Here’s the next contribution in our series of guest posts. Screenwriter John Pace has the solution to a fresh, immeasurably better 2nd draft. There will be resistance but it only proves you’re in denial. Just follow John’s advice and do what you need to do.
When writing a second-draft screenplay it‘s simultaneously terrifying and comforting to remember that there’s always a better idea. The things you came-up with in your first draft may make you want to piss yourself with pride, but in most cases better ideas lie in waiting – finding them is the hard part, and it’s what makes writing the second draft often feel like you’re stuck in a dark sauna thick with the steamy breath of a thousand doubters.
But don’t throw-in the soggy towel just yet. To help you move forward in your writing and avoid the temptation of dragging your first draft into your second, I’ve devised a contraption to alert you each time you drop into the second draft cruise.
You’ll need some electrical wire; two small alligator clips; a 12 volt battery; and access your computer keyboard. Actually, instead of me writing instructions, how about you just rig-up a system based on the image below.
You’re done? Cool. Now each time you touch the shortcut for “copy” or “paste” you’ll complete an electrical circuit that will cause extreme pain in your nipples.
This electrical agony is designed to gently remind you to not rest on your first draft ideas. Cutting and pasting great chunks of your first draft into a new document is NOT re-writing. It’s laziness.
Guillermo Arriaga, the innovative Mexican writer of such films as Amores Perros, 21 Grams and Babel starts each new draft with a blank screen, re-writing his story from scratch, deploying different language to refine his writing to its essence. Now that’s pretty extreme (I believe he uses a 240 volt anti-copy/paste system), but based on his whippet-lean scripts it’s an approach that seems to work.
Sure, Arriaga’s technique makes things difficult, but difficulty is to be embraced in the pursuit of better ideas. It’s our responsibility as writers to mercilessly seek the best ideas we can, regardless of how much it hurts in the brain-thing. In that pursuit we need to muster the courage to kill our babies, not copy and paste them into another family.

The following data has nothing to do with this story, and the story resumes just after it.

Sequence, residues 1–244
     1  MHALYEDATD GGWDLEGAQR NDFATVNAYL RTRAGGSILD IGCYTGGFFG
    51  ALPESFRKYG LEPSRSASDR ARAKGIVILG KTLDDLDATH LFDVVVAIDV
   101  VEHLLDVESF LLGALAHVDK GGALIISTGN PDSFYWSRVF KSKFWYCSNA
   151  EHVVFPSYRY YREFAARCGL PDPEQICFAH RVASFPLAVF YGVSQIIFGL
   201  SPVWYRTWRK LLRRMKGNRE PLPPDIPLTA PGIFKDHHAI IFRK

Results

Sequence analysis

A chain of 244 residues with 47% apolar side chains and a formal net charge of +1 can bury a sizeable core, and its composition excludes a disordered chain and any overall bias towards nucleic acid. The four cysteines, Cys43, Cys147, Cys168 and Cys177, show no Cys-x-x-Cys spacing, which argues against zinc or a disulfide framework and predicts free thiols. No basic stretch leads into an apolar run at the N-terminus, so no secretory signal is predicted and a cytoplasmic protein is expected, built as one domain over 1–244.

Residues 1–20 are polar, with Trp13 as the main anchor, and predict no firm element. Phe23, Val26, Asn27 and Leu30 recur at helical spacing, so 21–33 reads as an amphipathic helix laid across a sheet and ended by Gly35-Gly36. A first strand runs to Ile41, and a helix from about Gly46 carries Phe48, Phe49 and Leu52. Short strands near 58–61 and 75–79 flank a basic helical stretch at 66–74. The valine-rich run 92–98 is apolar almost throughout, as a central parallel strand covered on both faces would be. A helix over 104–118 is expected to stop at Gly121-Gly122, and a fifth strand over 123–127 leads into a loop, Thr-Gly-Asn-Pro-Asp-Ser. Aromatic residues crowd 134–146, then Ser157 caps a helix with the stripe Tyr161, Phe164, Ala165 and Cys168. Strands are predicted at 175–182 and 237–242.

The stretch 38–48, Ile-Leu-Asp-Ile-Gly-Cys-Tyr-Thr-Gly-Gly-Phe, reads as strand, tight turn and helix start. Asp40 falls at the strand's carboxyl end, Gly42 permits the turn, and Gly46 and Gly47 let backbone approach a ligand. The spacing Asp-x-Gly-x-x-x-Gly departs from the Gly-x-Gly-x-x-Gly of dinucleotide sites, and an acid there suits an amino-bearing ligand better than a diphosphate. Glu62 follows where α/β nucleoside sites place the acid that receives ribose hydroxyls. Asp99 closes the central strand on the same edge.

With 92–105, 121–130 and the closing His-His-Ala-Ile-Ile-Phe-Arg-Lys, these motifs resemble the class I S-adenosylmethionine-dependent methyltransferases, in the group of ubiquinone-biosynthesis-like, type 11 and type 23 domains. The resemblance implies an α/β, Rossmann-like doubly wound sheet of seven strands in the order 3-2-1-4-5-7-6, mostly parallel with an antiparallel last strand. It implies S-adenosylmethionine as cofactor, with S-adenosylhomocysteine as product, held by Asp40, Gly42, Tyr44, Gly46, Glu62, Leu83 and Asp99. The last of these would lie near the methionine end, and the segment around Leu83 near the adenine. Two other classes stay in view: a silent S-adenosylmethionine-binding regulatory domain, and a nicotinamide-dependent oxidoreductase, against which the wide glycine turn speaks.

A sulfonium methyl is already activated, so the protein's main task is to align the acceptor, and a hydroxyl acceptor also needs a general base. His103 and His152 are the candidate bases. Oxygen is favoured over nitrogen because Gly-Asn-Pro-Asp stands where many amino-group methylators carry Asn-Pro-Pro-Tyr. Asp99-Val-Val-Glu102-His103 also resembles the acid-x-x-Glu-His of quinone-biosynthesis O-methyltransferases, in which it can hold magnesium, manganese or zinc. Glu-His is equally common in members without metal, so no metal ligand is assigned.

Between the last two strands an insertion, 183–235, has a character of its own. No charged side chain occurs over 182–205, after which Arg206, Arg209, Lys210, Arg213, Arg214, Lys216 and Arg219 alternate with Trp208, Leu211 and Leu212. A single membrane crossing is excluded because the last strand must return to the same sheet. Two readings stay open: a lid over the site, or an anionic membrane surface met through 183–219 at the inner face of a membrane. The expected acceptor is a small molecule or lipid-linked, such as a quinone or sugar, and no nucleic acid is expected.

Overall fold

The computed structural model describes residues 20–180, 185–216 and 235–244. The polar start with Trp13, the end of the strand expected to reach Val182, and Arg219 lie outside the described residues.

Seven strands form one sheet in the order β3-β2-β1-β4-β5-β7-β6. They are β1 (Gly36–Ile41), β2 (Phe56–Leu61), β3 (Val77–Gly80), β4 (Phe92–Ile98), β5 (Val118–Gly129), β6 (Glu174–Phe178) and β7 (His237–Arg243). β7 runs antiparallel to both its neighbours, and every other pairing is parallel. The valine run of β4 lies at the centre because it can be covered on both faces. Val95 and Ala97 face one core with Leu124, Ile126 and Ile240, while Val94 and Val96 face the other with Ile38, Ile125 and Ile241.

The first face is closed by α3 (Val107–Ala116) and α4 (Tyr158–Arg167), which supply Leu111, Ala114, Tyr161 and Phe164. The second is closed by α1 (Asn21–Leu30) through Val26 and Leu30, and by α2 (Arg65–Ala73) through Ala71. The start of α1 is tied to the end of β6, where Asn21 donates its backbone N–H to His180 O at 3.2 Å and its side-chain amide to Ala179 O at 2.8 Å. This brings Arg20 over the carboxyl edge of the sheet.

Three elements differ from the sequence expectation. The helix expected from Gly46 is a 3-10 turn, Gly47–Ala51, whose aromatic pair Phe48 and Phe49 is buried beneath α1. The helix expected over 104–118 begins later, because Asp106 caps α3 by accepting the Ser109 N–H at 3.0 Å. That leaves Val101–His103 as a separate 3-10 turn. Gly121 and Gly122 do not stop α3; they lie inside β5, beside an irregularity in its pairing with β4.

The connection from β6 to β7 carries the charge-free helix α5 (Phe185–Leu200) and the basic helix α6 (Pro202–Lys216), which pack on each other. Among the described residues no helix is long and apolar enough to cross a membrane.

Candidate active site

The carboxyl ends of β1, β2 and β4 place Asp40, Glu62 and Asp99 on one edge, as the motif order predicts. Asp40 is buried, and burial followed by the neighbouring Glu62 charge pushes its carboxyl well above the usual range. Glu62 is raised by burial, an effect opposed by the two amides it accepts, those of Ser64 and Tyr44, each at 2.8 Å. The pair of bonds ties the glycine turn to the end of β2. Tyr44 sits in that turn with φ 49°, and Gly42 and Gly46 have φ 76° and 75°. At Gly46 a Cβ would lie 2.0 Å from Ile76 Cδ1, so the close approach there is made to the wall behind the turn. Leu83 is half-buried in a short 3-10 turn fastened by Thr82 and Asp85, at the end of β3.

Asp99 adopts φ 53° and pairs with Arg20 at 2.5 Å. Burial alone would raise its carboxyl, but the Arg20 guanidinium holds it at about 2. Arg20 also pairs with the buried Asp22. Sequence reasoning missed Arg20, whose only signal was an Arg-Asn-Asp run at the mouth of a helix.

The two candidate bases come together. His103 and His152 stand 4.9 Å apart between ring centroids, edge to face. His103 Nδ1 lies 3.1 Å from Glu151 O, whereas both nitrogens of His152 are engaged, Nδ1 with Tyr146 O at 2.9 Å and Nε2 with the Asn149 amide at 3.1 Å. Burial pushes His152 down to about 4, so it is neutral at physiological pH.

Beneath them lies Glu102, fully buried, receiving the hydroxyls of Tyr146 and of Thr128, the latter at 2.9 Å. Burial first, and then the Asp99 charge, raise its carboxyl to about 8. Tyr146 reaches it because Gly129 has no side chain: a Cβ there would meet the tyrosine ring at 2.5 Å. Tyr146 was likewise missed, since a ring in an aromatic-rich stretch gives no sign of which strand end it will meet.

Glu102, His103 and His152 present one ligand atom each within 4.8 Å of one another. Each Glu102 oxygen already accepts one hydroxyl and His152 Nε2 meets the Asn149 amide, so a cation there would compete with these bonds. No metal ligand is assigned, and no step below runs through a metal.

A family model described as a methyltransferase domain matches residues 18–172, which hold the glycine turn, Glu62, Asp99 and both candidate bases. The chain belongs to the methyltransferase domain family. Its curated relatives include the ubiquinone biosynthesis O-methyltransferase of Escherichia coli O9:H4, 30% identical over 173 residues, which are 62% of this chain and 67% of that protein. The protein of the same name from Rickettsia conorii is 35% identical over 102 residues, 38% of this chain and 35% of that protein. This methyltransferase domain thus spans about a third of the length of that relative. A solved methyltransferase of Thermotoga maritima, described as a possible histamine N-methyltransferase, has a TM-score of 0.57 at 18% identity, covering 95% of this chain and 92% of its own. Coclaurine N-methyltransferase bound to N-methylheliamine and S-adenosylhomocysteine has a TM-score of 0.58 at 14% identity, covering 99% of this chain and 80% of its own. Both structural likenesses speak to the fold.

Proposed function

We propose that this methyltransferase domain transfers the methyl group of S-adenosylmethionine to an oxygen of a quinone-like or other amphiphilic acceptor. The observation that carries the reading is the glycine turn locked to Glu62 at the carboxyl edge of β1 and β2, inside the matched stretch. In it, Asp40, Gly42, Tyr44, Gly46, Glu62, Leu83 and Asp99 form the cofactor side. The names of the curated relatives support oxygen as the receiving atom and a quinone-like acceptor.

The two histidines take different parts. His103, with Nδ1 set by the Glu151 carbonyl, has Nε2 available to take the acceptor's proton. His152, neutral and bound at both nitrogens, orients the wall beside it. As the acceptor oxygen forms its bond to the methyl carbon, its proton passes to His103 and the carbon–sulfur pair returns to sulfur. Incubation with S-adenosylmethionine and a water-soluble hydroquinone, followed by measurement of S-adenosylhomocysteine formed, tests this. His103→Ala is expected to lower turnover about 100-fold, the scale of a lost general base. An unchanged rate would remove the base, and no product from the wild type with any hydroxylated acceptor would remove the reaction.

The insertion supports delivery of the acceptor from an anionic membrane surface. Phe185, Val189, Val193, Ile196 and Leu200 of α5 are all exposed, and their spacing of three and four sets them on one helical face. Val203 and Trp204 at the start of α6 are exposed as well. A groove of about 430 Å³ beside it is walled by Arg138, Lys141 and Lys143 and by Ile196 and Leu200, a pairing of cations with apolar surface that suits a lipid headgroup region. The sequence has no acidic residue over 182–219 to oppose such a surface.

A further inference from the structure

I suspect lots of the fear about killing ideas has to do with some stupid notion of creativity being finite. What crap. If you’ve had one good idea then you’ll have another. As long as you believe that then you’ll always feel safe in taking your new drafts in a direction that means you’ll have to jettison an idea or ten that you love. So relax into the fact that there’ll be other ideas, and they’ll be better.
Of course, this approach applies to just about any creative endeavour. A photographer friend once told me the secret to his outstanding documentary photos was simply taking a buttload of shots and then choosing the best. A copywriter friend said that what he likes about the advertising industry versus the film industry is that it’s infused with an attitude that there’s always a better idea, while his friends in the film industry tend to get so hung-up on their big idea that they can’t see past it.
Even tinned food companies do it. You know… it’s the fish that John West rejects that makes them the best. When re-drafting, it’s the ideas you reject that make you the best. But that’s not to say that your other ideas are guano. They’re vital, in fact, to your ability to see better ideas. You need to stand on their shoulders to get a good look at the geography of your story. So see your first draft as a foothold rather than something to shoehorn into a story that has evolved beyond it.
I say all this so aggressively because I’m currently deep into a second draft and so perhaps I’m writing this to myself. It’s winter and the electrical wires are cold on my goose-pimpled areolas. I’ve been electrocuted several times. But with the help of my motivational torture device, I’m confident that I’m well on the way to a superior draft.
If you’re not the handy type or you can’t concentrate with clamps on your tits, then you can forget about the anti cut/paste device. But, as you wade through the miasma of your second draft and find yourself tempted to dump forty first-draft pages into your script so you can feel good about your second draft progress, I implore you to remember that “Ctrl+C/Ctrl+V” is called a “shortcut” for a reason.
– John Pace
John Pace is me. I’m a screenwriter. You can follow my blatant self-promotion and ill-conceived ramblings on screenwriting at: http://www.howlingpictures.com/blog/
Karel Segers wrote his first produced screenplay at age 17. Today he is a story analyst with experience in acquisition, development and production. He has trained students worldwide, and worked with half a dozen Academy Award nominees. Karel speaks more European languages than you have fingers on your left hand, which he is still trying to find a use for in his hometown of Sydney, Australia. The languages, not the fingers.